The Accounting of Sexual Violence: How many women does it take to make a report of sexual assault stick?
Margaret is a Research Associate with CREVAWC at Western University. She has been a champion for the Neighbours, Friends and Families program since 2005.
In the U.S we see that nineteen is not enough to make it stick to a president, even when he boasts about it on camera. Nine is not enough to make it stick to an Alabama judge running for senator, even though a number of the women were young teens at the time. Eight is enough to topple a Minnesota senator holding office, with offenses described as groping and unwanted kissing. In a win-lose world, 19 + 9 testimonies does not equal 2 men down in sexual harassment accounting. Senator Franken did resign, but only after the numbers defeated him. In his case, 8 equals 1.
‘Due process’ in the legal system uses a similar accounting system. One woman’s account does not equal one man’s account. Trans and non-binary victims same same; no equivalence and even higher rates of sexual violence. Due process is unequivocally important but, in Canada, due process has given us thirty-three reports, six prosecutions and three convictions for every thousand sexual assaults. Last year in Ontario we saw that three women weren’t enough to get to ‘guilty’ in the courts with a popular radio host. It still takes a lot of ‘believable’ women to equal one man, even when his character is questionable.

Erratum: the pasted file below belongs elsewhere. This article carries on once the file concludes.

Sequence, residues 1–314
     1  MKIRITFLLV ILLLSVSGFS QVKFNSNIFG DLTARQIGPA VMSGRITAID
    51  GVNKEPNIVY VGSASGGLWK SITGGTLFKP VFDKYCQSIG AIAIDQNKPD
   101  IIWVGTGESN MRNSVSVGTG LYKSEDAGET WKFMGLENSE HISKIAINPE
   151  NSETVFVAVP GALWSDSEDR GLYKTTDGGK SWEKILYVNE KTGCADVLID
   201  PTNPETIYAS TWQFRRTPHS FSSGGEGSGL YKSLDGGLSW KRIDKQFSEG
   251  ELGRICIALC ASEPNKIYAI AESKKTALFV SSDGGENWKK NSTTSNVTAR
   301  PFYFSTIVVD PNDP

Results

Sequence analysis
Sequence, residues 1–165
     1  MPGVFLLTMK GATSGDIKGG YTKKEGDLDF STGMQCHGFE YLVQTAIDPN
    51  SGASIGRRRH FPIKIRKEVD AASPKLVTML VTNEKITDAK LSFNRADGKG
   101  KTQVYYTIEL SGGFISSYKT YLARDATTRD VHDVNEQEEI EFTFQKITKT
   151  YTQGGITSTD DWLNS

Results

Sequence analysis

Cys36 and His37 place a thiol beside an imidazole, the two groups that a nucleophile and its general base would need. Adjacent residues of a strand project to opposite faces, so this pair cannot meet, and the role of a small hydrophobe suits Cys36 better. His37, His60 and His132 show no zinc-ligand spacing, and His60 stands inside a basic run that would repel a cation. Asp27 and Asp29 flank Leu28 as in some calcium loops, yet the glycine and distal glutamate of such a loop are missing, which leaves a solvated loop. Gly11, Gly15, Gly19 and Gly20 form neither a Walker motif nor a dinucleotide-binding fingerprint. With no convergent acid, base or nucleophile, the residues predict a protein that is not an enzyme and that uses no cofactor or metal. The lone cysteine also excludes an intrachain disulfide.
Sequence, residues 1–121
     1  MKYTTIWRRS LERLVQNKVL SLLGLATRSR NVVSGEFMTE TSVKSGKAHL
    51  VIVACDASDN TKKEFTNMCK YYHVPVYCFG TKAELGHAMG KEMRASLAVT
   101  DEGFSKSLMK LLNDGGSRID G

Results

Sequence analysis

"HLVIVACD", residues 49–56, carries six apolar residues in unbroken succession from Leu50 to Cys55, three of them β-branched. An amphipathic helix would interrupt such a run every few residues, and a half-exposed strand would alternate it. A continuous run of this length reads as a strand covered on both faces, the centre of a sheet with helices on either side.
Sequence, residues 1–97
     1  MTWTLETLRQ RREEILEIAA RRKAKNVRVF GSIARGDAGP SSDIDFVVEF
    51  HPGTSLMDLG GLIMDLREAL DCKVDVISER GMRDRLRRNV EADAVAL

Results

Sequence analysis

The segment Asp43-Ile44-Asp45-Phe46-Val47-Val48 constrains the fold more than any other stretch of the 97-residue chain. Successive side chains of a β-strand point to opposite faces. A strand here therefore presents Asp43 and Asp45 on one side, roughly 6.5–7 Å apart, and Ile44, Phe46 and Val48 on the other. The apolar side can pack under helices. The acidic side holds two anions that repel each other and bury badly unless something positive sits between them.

Given the math, why would any woman come forward? And yet they do. They come because they want justice, human rights, accountability, healing and possibly peace of mind. In the wild seas of controversy, they hold tight to the possibility of a just society. For women, trans, non-binary folks, and yes men, the journey to justice is one of intense and invasive public scrutiny, harsh often condemning judgement and even death threats from the trolls who are vigilant 24-7, protecting and patrolling the crumbling bastion of unapologetic hetero male entitlement.
#metoo gave voice to 1.7M people in 85 countries who have experienced sexual violence. Their stories show incredible heart and conviction. And hope – their stories give us hope.